- It’s good in principle. It’s an abstract, general concept that could be applied in many areas. Organization is relevant to anything, from tidying up your desk to clarifying the relationships between people or categorizing your knowledge. (It’s deep.)
As another example, let’s take “support” from the “cooperation” category.
- Getting support (from another person) is better than not getting any support, because it expands your scope of action. There are many values that can only be created through the joint effort of more than one person. (It’s a value.)
- The term “support” implies the other person is choosing to offer the support. This reflects the basic mental need to be free of compulsion. Individual choice of both parties is a fundamental mental need of all proper human interactions. (It’s rational.)
- Support is an abstract, general concept that could refer to anything, from getting help in opening a jar of pickles to receiving a moral sanction or learning from an expert. It’s good in principle. (It’s deep.)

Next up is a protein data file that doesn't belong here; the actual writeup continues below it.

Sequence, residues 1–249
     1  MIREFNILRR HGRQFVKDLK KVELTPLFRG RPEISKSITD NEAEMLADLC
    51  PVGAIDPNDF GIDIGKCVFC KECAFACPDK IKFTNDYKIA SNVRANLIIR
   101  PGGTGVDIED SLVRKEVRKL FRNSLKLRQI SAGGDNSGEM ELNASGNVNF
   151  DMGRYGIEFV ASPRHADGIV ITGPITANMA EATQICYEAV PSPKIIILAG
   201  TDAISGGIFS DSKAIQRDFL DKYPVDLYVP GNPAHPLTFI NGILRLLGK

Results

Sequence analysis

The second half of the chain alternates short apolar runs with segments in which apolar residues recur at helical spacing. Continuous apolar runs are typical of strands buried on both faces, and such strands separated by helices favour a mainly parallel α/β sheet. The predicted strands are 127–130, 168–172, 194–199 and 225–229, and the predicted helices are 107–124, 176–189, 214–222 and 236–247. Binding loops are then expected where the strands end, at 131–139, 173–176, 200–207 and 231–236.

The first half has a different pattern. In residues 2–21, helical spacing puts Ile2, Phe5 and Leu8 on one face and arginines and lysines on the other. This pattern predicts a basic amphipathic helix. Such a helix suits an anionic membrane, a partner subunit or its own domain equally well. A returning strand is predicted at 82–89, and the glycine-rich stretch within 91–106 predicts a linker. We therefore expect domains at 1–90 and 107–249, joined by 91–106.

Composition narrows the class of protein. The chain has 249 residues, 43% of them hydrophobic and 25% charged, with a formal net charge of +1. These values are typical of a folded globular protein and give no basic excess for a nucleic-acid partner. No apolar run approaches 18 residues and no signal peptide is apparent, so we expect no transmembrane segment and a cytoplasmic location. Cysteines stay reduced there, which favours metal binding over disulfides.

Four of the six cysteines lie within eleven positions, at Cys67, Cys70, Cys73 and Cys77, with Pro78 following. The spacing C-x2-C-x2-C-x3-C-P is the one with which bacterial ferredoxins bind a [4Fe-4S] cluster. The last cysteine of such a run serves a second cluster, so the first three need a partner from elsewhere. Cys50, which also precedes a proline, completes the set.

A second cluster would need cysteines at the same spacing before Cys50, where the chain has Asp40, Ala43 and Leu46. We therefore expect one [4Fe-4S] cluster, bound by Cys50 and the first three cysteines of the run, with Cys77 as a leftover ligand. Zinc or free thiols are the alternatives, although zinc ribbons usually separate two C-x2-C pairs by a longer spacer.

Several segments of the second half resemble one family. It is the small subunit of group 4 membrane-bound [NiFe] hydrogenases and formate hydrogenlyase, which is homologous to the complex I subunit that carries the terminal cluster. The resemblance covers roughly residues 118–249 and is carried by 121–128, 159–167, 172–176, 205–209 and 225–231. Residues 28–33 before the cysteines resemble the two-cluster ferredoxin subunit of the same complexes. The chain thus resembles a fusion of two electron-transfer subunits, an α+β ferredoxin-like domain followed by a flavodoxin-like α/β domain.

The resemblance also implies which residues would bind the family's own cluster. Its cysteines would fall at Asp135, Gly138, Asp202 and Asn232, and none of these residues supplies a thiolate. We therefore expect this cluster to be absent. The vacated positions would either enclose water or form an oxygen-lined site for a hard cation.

The benefit of identifying deep rational values
Because of these three criteria, especially that it be good in priniciple, there aren’t that many deep rational values. That’s a huge benefit. It means that in any situation, if you are unclear on your values, you can consult a relatively short list of abstract, general terms, and very likely get a lead into what’s going on. They are an indispensable aid to introspection.
This is not to say that the table above is a complete list. It is rather a representative list, suitable for familiarizing yourself with the basic idea. There are many other lists.
For example, in my Rationally Connected Conversations workshops, we usually look at 2–3 other lists of “universal needs,” including this one that I have permission to share. (“Universal needs” is Marshall Rosenberg’s term for these phenomena. See Footnote 5.) Other lists often focus more on social values, recreation, and the value of being emotionally present. My list has more emphasis on productivity and self-direction. I would argue over some standard entries on other people’s lists, but they are worth perusing. I recommend that people go through various lists and come up with their own top 50 for quick reference.
There is much more that could be said about the value of knowing “deep rational values.” If you are curious, simply do a search on my site for the term. But for now, I have accomplished my intent. I have explained what exactly they are.